GRAND FORKS, B.C. — The Regional District of Kootenay Boundary, B.C., has begun lifting evacuation orders on some properties, after cooler temperatures and less rainfall spared the area from an expected second surge of catastrophic flooding last week.
By Sunday afternoon, the regional district had rescinded evacuation orders on 175 properties, which affects about 350 people in Grand Forks and some nearby communities.
Residents at all 415 properties at Christina Lake had their evacuation orders lifted by Sunday evening.
"I'm excited to say the forecast is improving and the river levels are dropping faster than anticipated," said Dan Derby, fire chief for the Regional District of Kootenay Boundary.
About 20 rapid damage assessment teams comprising 47 firefighters are going door-to-door, putting placards on homes with minimal or no damage that they deem safe to return to.
Amid the devastation, they have found a small piece of good news.
"There's been a higher number of [homes] than we anticipated that are what we call 'green' or safe to re-enter," Derby said.
While about 1,000 properties remain under evacuation orders in the region, Derby said the goal is to have as many orders lifted as possible by the end of the day Monday.
That includes opening up the downtown core, while acknowledging that some individual businesses may require damage repair, he said.
Several hundred homes evacuated due to loss of road access will also have their orders rescinded once access is restored, but officials warn that doesn't mean the community is in the clear.
The district says waters could rise again later in the week if there is heavy rain, so it's encouraging residents to keep sandbags in place until more high-elevation snow finishes melting in the coming weeks.
The rising water levels in the Kettle River watershed have also increased the risk of sloughing, erosion and bank instability in several locations, so 39 addresses in the Grand Forks area have been issued hazard notices.
The Red Cross is setting up a "resiliency centre" in the community, as a place of support for residents whose properties are unsafe to enter and as a source of information for all those affected.
About 100 members of the Canadian Armed Forces, who had arrived to help prepare the area for the forecasted second surge by sandbagging and reinforcing dikes, left the area Sunday and were redeployed to other parts of the province, officials said.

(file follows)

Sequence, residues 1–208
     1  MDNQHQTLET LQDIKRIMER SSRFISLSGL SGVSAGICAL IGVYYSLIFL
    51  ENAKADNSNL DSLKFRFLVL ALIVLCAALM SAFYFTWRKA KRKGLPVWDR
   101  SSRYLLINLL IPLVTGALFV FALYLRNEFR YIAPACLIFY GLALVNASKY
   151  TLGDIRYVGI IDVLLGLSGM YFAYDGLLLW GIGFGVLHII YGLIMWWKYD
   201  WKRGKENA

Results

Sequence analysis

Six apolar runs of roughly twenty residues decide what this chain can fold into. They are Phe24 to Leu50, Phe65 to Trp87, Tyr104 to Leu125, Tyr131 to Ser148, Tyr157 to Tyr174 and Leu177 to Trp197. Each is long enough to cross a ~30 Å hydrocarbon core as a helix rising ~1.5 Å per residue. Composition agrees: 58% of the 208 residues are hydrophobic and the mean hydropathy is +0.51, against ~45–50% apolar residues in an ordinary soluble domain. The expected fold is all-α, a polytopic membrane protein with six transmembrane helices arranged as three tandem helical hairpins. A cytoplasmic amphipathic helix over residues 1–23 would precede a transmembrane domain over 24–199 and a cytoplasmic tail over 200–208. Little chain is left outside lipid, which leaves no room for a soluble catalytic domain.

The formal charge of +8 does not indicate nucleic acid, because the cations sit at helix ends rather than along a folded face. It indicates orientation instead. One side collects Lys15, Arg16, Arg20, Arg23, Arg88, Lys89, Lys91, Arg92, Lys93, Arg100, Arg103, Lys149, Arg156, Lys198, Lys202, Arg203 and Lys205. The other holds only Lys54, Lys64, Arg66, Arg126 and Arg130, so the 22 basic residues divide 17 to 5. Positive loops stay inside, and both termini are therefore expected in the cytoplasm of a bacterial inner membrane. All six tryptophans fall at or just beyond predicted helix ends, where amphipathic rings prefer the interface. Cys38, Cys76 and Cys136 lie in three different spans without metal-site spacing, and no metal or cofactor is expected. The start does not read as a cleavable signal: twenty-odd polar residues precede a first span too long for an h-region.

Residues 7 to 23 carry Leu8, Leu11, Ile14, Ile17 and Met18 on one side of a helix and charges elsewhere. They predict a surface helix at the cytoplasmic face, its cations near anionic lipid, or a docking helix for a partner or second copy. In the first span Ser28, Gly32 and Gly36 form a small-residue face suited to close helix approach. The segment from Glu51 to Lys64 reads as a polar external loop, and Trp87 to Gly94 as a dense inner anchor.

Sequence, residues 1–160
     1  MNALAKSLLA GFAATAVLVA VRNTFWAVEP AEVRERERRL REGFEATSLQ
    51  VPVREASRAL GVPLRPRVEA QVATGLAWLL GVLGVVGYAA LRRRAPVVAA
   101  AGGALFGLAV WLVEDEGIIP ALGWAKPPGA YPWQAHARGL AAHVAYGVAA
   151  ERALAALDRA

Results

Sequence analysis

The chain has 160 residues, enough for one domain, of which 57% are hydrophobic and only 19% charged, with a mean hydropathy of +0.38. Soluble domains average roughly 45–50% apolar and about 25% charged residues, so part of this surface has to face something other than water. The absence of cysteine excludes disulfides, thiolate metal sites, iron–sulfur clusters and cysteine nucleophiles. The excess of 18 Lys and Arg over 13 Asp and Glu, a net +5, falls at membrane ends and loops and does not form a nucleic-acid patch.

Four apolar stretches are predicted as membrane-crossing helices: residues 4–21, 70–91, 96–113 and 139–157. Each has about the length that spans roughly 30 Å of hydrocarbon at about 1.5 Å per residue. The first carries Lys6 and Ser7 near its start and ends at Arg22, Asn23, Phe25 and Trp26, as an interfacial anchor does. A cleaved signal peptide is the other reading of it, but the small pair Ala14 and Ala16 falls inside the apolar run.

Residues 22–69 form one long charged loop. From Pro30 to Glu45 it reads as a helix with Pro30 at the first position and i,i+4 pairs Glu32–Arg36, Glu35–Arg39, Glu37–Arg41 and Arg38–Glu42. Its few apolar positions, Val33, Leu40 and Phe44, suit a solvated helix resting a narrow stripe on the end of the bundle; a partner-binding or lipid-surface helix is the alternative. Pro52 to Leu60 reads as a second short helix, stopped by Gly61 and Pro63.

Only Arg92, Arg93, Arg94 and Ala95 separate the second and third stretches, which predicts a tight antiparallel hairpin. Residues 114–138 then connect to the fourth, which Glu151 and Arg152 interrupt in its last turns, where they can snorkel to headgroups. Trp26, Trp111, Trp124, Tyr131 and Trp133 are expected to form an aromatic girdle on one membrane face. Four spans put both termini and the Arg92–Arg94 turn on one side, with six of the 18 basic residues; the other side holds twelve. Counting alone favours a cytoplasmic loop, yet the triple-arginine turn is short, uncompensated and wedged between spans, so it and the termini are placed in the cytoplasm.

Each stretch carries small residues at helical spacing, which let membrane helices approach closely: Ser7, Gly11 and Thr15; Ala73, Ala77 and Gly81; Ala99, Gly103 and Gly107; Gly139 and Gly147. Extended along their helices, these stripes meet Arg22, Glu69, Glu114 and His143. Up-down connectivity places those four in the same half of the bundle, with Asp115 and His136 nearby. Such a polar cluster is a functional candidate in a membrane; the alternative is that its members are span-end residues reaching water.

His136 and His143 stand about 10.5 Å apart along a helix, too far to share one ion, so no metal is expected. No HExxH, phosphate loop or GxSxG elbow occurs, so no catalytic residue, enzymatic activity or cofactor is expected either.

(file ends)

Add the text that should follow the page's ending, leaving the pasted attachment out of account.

While that second surge never came, regional district chairman Roly Russell said the military provided vital psychological support to residents and emergency crews already exhausted by the disaster.
"We knew we would have the capacity to respond Friday, Saturday, to the surge that was predicted," Russell said.
Other parts of the province remain on alert, but are also hoping to avoid major damage.
Langley's emergency program co-ordinator, Ginger Sherlock, said officials there are monitoring dikes and are ready to deploy sandbags if necessary.
But she said the area has been lucky so far to avoid a projected rise in the Lower Fraser River that would have displaced hundreds of people.
The gauge at Mission was projected to reach 6.0 metres by the end of the day Friday and rise to 6.4 metres by Monday, which would prompt evacuations in areas unprotected by dikes. It was hovering just below 6.0 metres by Sunday afternoon.
"We were prepping in case we needed to evacuate people, but we got good news (Saturday) that the levels were not as high as anticipated," Sherlock said.
"Nobody wants to be displaced and nobody wants to displace people. So we're hoping and crossing our fingers and toes that Mother Nature continues to be co-operating with us for the next couple of weeks."
Meantime, Defence Minister Harjit Sajjan will visit Lake Okanagan on Monday to observe flood relief efforts.
There are currently 300 Canadian Army soldiers assisting with flood relief efforts in the region, while other military assets and personnel are on standby.
Sajjan will receive briefings from military operations staff and meet with Canadian Armed Forces personnel assisting in flood relief efforts.
He will be accompanied by senior military staff co-ordinating the military's relief efforts in the province.
On Sunday, members of the military worked alongside B.C. wildfire contractors and municipal staff in the Green Bay area of West Kelowna to install sandbags and other flood protection measures.
Kirsten Jones, public information officer for the Regional District of Central Okanagan, described Green Bay as a spit of land coming into the lake that is particularly vulnerable because it hosts lots of public infrastructure.
She said Okanagan Lake is currently at 342.54 metres — six centimetres above "full pool," the target set by the province to ensure adequate water supply through the summer.
"Full pool doesn't necessarily mean flooding, and it's not a terrifically unusual occurrence in the Okanagan. But it is something we mention as sort of a measure," Jones said.
Only two properties are under evacuation alerts at the moment, she said, however the lake is expected to keep rising.
Private property owners are responsible for protecting their own property and should put the same flood-protection measures in place as last year, the regional district said.
Jones said last year's historic flooding rose higher than 343 metres.
Region-wide flood protection measures that had been put in place for possible creek flooding, including bladder dams and sandbags, are now being redeployed to areas vulnerable to lake flooding.
Boaters are also being asked to avoid creating wakes near vulnerable shorelines, and to watch for debris and other hazards.
— by Amy Smart in Vancouver
The Canadian Press